Gran Fury Workshop, Spring 2012
"Gran Fury: Read My Lips" at NYU’s 80WSE Gallery was the first comprehensive exhibition documenting the work of Gran Fury, the influential AIDS activist arts collective. Gran Fury's work raised public awareness of AIDS, put pressure on politicians, and opened up a broader spectrum of understanding about the political and collective art practices that flourished in downtown New York during the 1980s and 1990s. An important aspect of the "Gran Fury: Read My Lips," exhibition was educational. Through a series of workshops at 80WSE Gran Fury worked with a select group of 11 NYU students from the Steinhardt Department of Art and Art Professions and the Gallatin Activism Center, as well as 5 participants from the Village Lesbian, Gay, Bisexual and Transgender Center to think about the contemporary relationship of art and politics, and to produce activist and collective oriented art works corresponding to contemporary public strategies.
PARK(ing) Day an annual worldwide event where artists, designers and citizens transform metered parking spots into temporary public parks. Students in the Spring 2011 Media Literacy course created their own installation for Parking Day on the NYU campus, engaging the public in imagining the possibilities for reclaiming urban spaces.
Port Huron Project, Spring 2012
2012 marked the 50th anniversary of the Port Huron Statement written by Tom Hayden, the foundational document of Students for a Democratic Society (SDS) and a vision for a new kind of society based on participatory democracy. The anniversary came at a time of renewed interest in student-led democracy movements around the world, and an online context that was impossible to conceive when the original statement was written. In recognition of this historic document major conferences on the Port Huron Statement took place at UCLA, UCSB, NYU and elsewhere.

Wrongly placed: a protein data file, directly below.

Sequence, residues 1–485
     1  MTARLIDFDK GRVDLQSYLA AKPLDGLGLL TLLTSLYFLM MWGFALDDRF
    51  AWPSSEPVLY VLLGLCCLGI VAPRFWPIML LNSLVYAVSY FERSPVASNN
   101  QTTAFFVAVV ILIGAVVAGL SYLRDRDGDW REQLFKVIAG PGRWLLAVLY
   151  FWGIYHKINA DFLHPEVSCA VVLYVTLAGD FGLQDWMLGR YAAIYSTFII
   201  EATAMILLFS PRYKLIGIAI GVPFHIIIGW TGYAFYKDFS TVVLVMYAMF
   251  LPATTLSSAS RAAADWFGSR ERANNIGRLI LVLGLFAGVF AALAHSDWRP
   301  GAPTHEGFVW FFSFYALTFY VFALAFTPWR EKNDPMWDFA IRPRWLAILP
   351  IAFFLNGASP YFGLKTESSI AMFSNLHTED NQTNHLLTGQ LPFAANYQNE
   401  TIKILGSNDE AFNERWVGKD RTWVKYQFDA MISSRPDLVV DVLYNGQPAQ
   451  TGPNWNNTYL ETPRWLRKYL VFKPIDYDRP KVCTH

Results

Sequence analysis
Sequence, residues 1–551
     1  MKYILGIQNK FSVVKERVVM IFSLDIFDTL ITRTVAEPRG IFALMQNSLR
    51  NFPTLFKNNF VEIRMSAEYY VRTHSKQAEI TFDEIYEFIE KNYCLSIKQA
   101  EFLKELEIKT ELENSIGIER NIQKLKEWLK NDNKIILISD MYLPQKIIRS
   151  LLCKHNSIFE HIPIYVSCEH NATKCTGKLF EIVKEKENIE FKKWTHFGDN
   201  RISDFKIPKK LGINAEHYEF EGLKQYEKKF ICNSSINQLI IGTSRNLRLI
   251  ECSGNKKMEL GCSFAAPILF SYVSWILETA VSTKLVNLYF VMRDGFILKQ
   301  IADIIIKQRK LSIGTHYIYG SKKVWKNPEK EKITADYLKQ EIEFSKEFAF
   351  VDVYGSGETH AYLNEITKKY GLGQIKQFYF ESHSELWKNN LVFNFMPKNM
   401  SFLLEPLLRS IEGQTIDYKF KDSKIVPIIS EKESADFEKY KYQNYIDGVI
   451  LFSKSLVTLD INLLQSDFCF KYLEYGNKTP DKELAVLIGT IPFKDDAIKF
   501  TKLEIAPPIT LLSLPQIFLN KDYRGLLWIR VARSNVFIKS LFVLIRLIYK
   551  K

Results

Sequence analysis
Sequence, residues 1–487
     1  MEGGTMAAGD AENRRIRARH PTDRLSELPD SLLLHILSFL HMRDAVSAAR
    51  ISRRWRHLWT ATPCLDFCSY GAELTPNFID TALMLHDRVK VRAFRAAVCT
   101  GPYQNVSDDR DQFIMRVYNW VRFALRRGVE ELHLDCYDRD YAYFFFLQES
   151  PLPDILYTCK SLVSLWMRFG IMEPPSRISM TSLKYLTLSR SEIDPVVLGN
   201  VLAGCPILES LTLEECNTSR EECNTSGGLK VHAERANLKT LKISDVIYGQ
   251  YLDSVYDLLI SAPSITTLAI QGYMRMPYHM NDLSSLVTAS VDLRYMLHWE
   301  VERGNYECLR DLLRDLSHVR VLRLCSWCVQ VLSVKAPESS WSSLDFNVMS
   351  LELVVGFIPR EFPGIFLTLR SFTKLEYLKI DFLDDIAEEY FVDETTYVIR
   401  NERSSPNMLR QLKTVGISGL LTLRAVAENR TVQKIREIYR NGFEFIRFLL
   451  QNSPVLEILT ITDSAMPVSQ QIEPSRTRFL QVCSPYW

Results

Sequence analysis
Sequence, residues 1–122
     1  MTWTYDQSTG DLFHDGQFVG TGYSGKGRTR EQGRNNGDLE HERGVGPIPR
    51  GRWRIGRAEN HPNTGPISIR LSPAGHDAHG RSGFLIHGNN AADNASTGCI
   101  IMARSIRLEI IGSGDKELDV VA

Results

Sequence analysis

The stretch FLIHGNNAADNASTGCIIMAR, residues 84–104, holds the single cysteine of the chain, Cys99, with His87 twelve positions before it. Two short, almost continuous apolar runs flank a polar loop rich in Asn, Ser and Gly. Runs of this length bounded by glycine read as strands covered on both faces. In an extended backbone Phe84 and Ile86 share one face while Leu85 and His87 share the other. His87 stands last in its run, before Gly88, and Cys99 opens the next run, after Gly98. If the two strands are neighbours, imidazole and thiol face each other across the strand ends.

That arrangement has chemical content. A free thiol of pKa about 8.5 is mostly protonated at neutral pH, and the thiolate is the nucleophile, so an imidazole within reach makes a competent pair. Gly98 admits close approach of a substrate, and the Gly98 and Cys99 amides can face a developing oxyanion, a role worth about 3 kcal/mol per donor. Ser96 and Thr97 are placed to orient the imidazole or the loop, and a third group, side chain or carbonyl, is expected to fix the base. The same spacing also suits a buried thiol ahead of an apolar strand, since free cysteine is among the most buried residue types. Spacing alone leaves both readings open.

In connection with the NYU conference, graduate students in the Art Education program participated in a grassroots effort to connect the mission of the Students for a Democratic Society and the Port Huron Statement to the lives of New York City high school students through the lens of participatory democracy. Art Education students worked with high school students in New York City to explore ideas about participatory democracy using the Port Huron Statement as a source of inspiration.
Unhappy Readymade Exhibition, Jan. 17-Feb, 4, 2012
Unhappy Readymade was an interactive exhibition featuring students in the Art Education program presented in the Commons Gallery in the Department of Art and Art Professions. Installed as a collection of prompts or instructions, the exhibition required viewers to enact the requests of participating artists using available materials. The show was inspired by the work of Marcel Duchamp and contemporary artists interested in pedagogical strategies and forums for their work. In 1919 Duchamp created a wedding gift in the form of instructions to be carried out by his sister and new brother-in-law. His gift, titled Unhappy Ready-Made, anticipated a shift in the way we understand the role of the artist. By imagining the artist not only as maker, but simultaneously as catalyst, agitator, or facilitator, a new precedent for the artistic act was established—and with it, new questions about the nature of both making art and teaching art to others. How can art take educational forms? Is teaching itself an artistic act?